- design a finite automaton for recognizing a given regular expression;
- transform a simple NFA into a deterministic one;
- write a program that simulates finite automata.

*January 30:* topics to cover:

- how to transform a NFA into a deterministic one (cont-d);
- how to transform a finite automaton into a corresponding regular expression;
- how to simulate finite automata.

*February 4:* topics to cover:

- how to transform a finite automaton into a corresponding regular expression (cont-d);
- how to simulate finite automata (cont-d).

- transform a given finite automaton into a regular expression.

*February 6:* topics to cover:

- Pigeonhole Principle;
- Pumping Lemma;
- proof that some languages are not regular;
- examples of non-regular languages.

- notion of a pushdown automaton;
- examples of pushdown automata;
- notion of a context-free grammar;
- examples of context-free grammars related to programming;
- examples of context-free grammars that generate non-regular languages.

assignments:

- use the proof that we had in class as a sample to prove that a given language is not regular;
- tracing pushdown automata;
- tracing simple context-free grammars.

*February 13:* topics to cover:

- how to transform a finite automaton into a context-free grammar;
- how to transform a context-free grammar into a (non-deterministic) pushdown automaton;
- overview for Test 1.

assignments:

- transforming a given finite automaton into a context-free grammar;
- transforming a given context-free grammar into a pushdown automaton.

*February 20:* Test 1 that covers all the material that we
have studied so far.

*February 25:* topics to cover:

- how to design a context-free grammar corresponding to a given language;
- ambiguous vs. unambiguous grammars; Chomsky normal form.

- transform a given context-free grammar into Chomsky normal form;

*February 27:* topics to cover:

- overview of the results of Test 1;
- Chomsky normal form (cont-d);
- transforming a pushdown automaton into a context-free grammar.

- transforming a pushdown automaton into a context-free grammar (cont-d);
- how compilers actually work: priority technique.

- transform a given pushdown automaton into a context-free grammar.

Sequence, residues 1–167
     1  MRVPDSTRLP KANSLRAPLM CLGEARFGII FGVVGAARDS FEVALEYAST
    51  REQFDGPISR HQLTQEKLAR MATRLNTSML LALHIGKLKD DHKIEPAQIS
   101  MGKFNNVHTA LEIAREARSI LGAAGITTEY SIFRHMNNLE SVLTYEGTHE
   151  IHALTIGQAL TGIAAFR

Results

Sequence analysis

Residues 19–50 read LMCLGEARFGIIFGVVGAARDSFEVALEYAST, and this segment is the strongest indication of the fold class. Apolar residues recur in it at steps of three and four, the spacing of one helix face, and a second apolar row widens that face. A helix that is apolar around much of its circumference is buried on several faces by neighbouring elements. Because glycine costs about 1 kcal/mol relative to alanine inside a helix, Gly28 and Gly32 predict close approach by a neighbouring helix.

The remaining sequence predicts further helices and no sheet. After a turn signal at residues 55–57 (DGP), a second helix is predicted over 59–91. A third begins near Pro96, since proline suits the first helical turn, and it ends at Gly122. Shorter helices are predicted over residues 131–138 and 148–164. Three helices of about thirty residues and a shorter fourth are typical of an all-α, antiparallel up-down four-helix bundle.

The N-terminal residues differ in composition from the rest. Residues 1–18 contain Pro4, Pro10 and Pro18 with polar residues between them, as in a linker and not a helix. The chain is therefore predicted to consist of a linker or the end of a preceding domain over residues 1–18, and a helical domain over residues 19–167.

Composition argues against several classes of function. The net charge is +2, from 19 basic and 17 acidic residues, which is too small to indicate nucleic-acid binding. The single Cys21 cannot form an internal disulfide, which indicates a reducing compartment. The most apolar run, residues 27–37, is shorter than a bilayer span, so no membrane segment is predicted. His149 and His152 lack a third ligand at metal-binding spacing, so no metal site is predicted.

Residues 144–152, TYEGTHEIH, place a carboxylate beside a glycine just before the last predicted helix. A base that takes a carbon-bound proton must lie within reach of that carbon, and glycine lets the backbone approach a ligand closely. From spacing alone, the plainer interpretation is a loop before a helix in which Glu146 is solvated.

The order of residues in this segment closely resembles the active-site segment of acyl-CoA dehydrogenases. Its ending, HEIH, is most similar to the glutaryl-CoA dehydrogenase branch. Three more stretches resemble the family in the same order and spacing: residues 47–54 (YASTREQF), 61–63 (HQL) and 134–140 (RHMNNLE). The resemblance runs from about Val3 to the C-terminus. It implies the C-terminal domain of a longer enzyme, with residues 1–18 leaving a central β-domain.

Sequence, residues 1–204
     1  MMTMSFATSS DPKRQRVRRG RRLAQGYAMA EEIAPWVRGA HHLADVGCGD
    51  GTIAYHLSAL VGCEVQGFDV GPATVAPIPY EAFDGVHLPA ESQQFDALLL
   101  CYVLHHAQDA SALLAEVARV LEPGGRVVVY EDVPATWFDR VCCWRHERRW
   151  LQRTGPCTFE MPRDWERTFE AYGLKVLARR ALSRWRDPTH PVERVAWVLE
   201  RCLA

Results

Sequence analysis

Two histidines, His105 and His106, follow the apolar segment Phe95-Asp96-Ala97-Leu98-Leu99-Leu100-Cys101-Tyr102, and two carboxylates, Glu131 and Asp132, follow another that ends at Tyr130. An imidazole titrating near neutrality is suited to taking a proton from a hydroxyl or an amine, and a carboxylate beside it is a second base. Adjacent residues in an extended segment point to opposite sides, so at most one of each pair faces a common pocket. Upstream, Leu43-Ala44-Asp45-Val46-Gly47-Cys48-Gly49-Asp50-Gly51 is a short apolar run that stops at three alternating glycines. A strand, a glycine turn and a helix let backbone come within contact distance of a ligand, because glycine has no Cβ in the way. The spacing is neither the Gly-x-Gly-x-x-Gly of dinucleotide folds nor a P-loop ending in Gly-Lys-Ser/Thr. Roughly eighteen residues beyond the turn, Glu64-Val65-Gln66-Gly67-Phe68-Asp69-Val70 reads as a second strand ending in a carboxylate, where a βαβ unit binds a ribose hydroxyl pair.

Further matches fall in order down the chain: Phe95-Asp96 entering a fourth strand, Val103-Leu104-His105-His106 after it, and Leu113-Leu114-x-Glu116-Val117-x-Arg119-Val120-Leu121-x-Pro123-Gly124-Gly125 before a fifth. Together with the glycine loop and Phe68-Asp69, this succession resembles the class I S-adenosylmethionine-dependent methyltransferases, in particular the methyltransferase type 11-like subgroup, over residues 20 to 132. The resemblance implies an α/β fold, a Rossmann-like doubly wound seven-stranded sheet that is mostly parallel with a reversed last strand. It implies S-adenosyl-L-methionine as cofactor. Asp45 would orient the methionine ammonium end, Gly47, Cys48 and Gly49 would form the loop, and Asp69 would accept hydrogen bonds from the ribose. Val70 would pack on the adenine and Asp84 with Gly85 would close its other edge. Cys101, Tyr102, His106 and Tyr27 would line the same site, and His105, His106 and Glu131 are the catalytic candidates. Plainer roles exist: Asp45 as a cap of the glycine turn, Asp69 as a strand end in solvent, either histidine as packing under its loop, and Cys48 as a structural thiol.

*March 5:* topics to cover:

- priority techniques beyond simple arithmetic expression;
- compiling LL(k) languages.

*March 10:* topics to cover:

- Pumping Lemma for context-free grammars;
- proof that some languages are not context-free.

- show how a computer will parse and compute a given arithmetic expression;
- apply priority techniques to parse a given piece of code;
- applying Pumping Lemma to a given context-free grammar;
- prove that a given language is not context-free.

*March 12:* preview for Test 2

*March 31:* Test 2

*April 2*: see lecture; topics to
cover:

- main ideas behind Turing machines;
- unary code;
- Turing machines for processing numbers in unary code;
- lowest-bit first vs. highest-bit first computer representation of numbers;
- Turing machines for simple operations with binary numbers;
- how to transform a finite automaton into a Turing machine.

*April 7:* topics to cover:

- review of Test 2 results;
- how to simulate a Turing machine; see lecture
- how to represent a Turing machine as a finite automaton with two stacks; see a handout;

- trace a simple Turing machine;
- design a simple Turing machine for a given task;
- transform a given finite automaton into a Turing machines;
- write a program that simulates a general Turing machine.

*April 9:* see Section 2.1.1 of a handout;
topics to cover:

- feasible vs. non-feasible algorithms;
- example showing that the current definition of feasibility is not always adequate;

*April 14:* see lecture and
Sections 2.2 and 2.3 of the handout;
topics to cover:

- a general notion of a problem -- examples, resulting definition of the class NP;
- class P;
- P = NP problem;
- notion of reduction; examples of reduction;
- notion of NP-hardness and NP-completeness;
- examples of NP-hard problems;

- represent a Turing machine as a finite automaton with two stacks;
- give other examples where the current definitions of feasibility are not adequate.

*April 16:* see lecture; topics to
cover:

- proof by contradiction: general idea;
- proof that square root of 2 is not a rational number.

- prove that the square root of 3 is not a rational number;
- recall definitions of P, NP, and related notions.

*April 21:* see lecture; topics to
cover:

- definition of a halting problem;
- proof that it is not possible to check whether a given program halts on given data;

*April 23:* see the lecture; topics
to cover:

- Church-Turing thesis: what is it, is it a mathematical statement, is it a statement about the physical world;

*April 28:* preview for Test 3

*April 30:* Test 3.

*May 5:* overview of Test 3 results, preview for final
exam.

*May 7:* see the lecture; topics
to cover:

- the notion of a recursive (decidable) language;
- the notion of a recursively enumerable (Turing-recognizable) language.